There was also a package of bills passed by Republican lawmakers in the statehouse in 2019 and vetoed by Evers that included a lifetime sentence for doctors that do not provide medical care to an infant that is born after an attempted abortion. Democrats said it was redundant because it is already illegal not to provide care to an infant and that the bill’s real purpose was to make such instances seem more common than they are.
The other bills would have completely defunded Planned Parenthood for non-abortion services, barred abortion motivated by the sex or disability of the fetus, and require doctors to tell women they could “reverse” an abortion, a claim medical experts say is not credible.
The so-called reverse-abortion bill is not the only bill restricting abortion that is divorced from medical reality. Kristin Lyerly, an OB-GYN in Green Bay and member of the American College of Obstetricians and Gynecologists (ACOG) who unsuccessfully ran last year against Rep. John Macco (R-Green Bay), pointed to an Ohio bill that would have required doctors to move an ectopic pregnancy from the fallopian tube to the uterus or face charges of “abortion murder.” No such procedure is medically possible.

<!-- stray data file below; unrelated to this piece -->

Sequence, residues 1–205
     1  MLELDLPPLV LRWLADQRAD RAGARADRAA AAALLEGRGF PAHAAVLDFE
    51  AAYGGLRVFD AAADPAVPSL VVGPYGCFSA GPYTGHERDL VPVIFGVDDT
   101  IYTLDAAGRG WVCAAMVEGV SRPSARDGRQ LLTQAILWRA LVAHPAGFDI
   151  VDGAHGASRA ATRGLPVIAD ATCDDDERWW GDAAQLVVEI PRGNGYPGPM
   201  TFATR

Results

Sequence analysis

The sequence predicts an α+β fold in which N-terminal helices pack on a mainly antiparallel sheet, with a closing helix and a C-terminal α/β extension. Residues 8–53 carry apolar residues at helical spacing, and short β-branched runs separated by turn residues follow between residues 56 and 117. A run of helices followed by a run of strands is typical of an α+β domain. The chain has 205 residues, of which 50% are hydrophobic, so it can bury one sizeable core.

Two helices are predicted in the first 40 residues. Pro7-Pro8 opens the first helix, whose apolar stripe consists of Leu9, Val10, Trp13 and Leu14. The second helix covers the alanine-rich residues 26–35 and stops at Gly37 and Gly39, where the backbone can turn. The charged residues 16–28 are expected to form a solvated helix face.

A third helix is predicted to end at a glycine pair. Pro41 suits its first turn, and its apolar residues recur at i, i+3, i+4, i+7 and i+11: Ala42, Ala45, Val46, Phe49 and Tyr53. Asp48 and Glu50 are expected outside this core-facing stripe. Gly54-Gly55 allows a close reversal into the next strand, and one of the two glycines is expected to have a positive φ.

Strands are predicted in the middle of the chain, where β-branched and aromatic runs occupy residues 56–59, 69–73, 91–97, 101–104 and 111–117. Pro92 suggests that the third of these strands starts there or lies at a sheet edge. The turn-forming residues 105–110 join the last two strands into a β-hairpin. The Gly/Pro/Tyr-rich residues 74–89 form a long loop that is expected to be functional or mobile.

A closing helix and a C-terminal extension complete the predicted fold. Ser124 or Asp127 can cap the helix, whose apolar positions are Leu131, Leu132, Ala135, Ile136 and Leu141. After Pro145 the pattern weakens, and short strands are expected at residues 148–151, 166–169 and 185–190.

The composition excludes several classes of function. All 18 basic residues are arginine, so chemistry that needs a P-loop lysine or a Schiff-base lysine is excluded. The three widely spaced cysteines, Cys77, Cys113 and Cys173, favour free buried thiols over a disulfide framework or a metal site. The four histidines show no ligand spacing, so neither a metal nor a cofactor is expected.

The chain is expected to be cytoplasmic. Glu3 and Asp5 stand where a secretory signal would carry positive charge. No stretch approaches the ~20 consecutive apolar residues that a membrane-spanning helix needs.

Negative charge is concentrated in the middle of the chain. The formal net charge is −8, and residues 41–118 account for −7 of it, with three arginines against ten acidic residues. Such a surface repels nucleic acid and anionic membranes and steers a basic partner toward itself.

“We have to stop this crazy legislation,” Lyerly said. “It’s really important for [ACOG] to be engaged and to use our voices to say, this is not real. And it doesn’t serve women and families.”
Disconnected From Reality
That disconnect is also present in the Texas bill, which Lyerly called “sloppy.”
“There are so many loopholes in this bill and so many places where mistakes could be made,” she said. “It’s a ‘gotcha’ bill. This has nothing to do with communities with public health, with taking care of women. It has everything to do with punishing and controlling women.”
The Texas bill would punish anyone for aiding and abetting an abortion but doesn’t clearly define what that means, so it could apply to anyone from the patient to the doctor to the rideshare driver who unknowingly took someone to an appointment. At six weeks, Lyerly said most women don’t even know they’re pregnant and there is also no medical way to determine whether someone had an abortion or a miscarriage.